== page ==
The book comes across as a useful, quick-to-access reading on the morphosyntax of CamE. Though certain claims made therein are strong and not always supported by empirical evidence, the authors’ attempt to describe CamE in its sociohistorical context is commendable. Their description of CamE features is illuminating, especially when the features are considered as emerging out of the speakers’ convenience with use of the language for daily interaction. The appendix provides more examples of CamE syntactic structures taken from written sources (i.e. novels). Scholars of World Englishes, sociolinguistics, contact linguistics, African linguistics and cultures, and linguistic anthropology will find this book relevant both as an introductory text and as a research companion.

Creoles, their substrates, and language typology

Creoles, their substrates, and language typology. Ed. by Claire Lefebvre. (Typological studies in language 98.) Amsterdam: John Benjamins, 2011. Pp. ix, 626 pp. ISBN 9789027206763. $158 (Hb).

Reviewed by David Gay, Bloomington, IN

As Claire Lefebvre writes, because ‘creole languages draw their properties from both their substrate and superstrate sources, the typological classification of creoles has long been a major issue for creolists, typologists, and linguists in general’ (3). The authors of the essays in this volume explore both the problem of substrate influence on creoles and the question of whether or not creoles form a typologically distinct group of languages.

The volume is divided into five parts. The first is a long introduction by the editor, ‘The problem of the typological classification of creoles’, in which the specific problems that the contributors address, as well as their results, are outlined. The introduction is followed by three sections on the creoles: the first, ‘Creoles spoken in Africa and in the Caribbean’ looks at the influence of African languages on Santome, Portuguese Creole, Kriyol, St. Lucian and Haitian Creole, Saramaccan, Papiamentu, Belizean Creole, Nicaraguan, Providence and San André Creole Englishes, and Palenque. The second section looks at creoles spoken in Asia, which includes Singapore English, China Coast Pidgin, Chabacano, Kupang Malay, and Sri Lankan Malay. The third section examines creoles spoken in the pacific, with essays on Papuan Malay, Central Australian Aboriginal English, Australian Kriol, New South Wales Pidgin, Solomon Islands Pijin, and Tayo. The final section is comprised of a concluding essay, ‘Creoles and language typology’, by Bernard Comrie.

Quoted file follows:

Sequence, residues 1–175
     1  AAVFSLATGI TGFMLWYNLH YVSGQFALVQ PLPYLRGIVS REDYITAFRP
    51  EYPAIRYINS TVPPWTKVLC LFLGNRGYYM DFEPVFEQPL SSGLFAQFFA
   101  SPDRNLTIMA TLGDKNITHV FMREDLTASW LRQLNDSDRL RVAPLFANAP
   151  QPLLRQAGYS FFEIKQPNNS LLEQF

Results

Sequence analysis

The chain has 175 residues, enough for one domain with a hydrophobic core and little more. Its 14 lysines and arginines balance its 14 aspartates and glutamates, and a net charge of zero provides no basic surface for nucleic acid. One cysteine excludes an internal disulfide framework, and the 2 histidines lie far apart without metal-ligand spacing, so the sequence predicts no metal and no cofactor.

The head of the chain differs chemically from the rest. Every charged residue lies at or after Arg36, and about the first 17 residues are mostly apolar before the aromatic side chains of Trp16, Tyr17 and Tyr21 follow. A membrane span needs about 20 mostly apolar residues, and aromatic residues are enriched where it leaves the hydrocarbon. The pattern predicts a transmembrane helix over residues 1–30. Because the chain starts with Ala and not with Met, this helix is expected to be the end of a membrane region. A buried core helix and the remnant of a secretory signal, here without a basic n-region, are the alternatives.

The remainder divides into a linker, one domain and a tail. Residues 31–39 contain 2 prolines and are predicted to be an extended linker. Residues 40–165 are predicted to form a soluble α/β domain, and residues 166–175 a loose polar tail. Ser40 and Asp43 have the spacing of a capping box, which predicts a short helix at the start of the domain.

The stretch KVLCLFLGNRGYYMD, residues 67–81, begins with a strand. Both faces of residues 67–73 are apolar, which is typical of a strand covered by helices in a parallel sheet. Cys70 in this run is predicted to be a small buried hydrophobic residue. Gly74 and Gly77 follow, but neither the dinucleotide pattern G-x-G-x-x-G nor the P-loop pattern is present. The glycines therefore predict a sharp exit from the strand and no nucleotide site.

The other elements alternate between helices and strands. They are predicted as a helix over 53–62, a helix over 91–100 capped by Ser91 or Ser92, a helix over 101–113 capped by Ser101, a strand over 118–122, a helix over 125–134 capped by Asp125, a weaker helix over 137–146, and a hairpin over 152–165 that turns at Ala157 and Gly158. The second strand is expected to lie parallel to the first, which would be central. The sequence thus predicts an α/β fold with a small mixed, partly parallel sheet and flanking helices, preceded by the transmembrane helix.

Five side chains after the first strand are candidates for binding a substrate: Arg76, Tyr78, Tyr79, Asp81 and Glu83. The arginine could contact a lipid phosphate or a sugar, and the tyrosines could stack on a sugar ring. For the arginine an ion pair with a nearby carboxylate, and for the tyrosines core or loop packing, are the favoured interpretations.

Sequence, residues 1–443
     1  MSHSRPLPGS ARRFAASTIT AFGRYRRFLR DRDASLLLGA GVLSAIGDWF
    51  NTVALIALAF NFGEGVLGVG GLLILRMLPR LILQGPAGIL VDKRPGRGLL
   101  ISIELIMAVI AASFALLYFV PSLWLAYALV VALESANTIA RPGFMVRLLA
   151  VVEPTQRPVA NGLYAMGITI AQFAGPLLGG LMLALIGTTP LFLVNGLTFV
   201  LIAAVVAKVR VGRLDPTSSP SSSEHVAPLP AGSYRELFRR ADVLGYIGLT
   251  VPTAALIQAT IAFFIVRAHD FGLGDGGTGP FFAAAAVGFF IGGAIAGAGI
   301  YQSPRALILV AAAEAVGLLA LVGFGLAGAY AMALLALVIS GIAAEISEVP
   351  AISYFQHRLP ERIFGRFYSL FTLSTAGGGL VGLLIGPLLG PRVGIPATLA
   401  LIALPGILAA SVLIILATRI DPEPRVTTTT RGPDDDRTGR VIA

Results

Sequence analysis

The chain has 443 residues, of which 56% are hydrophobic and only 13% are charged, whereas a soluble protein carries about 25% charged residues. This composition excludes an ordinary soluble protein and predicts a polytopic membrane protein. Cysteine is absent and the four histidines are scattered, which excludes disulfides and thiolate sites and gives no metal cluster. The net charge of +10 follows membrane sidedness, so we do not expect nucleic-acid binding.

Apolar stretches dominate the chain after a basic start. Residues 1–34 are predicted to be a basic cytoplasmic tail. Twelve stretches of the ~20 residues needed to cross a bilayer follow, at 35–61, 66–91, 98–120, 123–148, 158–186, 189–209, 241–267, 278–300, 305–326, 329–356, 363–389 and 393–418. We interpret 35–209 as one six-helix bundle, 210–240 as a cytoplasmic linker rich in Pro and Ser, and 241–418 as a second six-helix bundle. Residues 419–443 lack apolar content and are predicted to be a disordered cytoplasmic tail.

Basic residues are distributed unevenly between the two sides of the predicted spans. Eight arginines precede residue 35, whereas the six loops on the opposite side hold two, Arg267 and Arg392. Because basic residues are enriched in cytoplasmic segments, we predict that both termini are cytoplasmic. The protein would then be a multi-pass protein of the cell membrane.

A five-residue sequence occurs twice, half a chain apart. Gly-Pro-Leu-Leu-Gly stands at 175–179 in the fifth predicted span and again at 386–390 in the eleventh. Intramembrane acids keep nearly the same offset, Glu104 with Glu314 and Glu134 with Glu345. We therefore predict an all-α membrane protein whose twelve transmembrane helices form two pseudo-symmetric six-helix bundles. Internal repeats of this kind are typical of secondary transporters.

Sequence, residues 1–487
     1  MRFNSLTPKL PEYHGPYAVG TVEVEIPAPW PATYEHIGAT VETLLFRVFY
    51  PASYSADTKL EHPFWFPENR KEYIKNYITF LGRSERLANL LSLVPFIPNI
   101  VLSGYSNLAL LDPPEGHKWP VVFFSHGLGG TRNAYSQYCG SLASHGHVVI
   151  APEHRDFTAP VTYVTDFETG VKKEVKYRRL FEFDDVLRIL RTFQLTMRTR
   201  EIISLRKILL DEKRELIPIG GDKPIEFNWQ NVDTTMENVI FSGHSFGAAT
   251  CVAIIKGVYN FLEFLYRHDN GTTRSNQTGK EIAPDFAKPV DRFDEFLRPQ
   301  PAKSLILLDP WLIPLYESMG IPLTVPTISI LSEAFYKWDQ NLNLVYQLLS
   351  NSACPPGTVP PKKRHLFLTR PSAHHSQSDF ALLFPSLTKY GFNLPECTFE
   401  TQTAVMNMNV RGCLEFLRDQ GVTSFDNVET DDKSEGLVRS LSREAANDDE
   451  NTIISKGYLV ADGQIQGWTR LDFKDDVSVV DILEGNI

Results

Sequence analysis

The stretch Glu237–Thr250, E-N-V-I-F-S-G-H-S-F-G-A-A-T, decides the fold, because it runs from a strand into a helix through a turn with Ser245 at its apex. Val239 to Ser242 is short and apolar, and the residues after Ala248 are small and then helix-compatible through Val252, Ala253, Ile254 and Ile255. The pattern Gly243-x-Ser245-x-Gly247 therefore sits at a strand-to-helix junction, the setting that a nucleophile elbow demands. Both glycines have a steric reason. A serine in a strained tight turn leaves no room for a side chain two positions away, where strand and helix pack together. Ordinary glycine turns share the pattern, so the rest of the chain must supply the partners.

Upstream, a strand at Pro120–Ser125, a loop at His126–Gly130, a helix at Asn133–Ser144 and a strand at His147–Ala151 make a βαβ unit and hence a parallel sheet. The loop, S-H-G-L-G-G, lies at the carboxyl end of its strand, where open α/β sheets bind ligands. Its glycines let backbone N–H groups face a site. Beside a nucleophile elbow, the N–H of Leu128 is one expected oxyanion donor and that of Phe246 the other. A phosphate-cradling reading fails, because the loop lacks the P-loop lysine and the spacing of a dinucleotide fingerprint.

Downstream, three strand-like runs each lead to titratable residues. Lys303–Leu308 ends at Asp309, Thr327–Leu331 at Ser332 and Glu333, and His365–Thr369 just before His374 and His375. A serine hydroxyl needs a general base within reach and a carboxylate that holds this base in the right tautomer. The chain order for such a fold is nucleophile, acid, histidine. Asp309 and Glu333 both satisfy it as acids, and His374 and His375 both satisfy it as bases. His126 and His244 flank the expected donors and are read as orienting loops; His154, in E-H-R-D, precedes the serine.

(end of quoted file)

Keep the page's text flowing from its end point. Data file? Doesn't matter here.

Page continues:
The evidence for substrate influence is occasionally stretched further than it should be, and the authors occasionally demonstrate less knowledge than might be expected of the dialects, colloquial languages, and standard languages that form the superstrate languages, and also of other creoles and pidgins. However, overall, the essays present an intriguing look at just how the substrate languages influence the creoles.

The question remains: do the creole languages form a typologically distinct group? As Claire Lefebvre notes, ‘creoles manifest a great deal of variation among themselves [and] thus they cannot be claimed to be “alike” in any sense of the word, nor to constitute a typological class as such’ (30). However, even if one of the conclusions of the volume is negative, this still remains an important work on the influence of substrate languages on pidgins and creoles. As such, it should be included on the reading list of anyone interested in pidgins and creoles, language contact, and language typology.

Compound stress in English

Compound stress in English: The phonetics and phonology of prosodic prominence. By Gero Kunter. (Linguistische arbeiten 539.) Berlin: Walter de Gruyter. Pp. xii, 225. ISBN 9783110254693. $150 (Hb).

Reviewed by Karen Steffen Chung, National Taiwan University

English compound noun stress is a relatively neglected area of English phonetics and phonology, with some notable exceptions, such as Noam Chomsky and Morris Halle’s groundbreaking classic, The sound pattern of English. Gero Kunter has invested considerable effort in addressing this deficit in the present volume, a revised version of his PhD dissertation.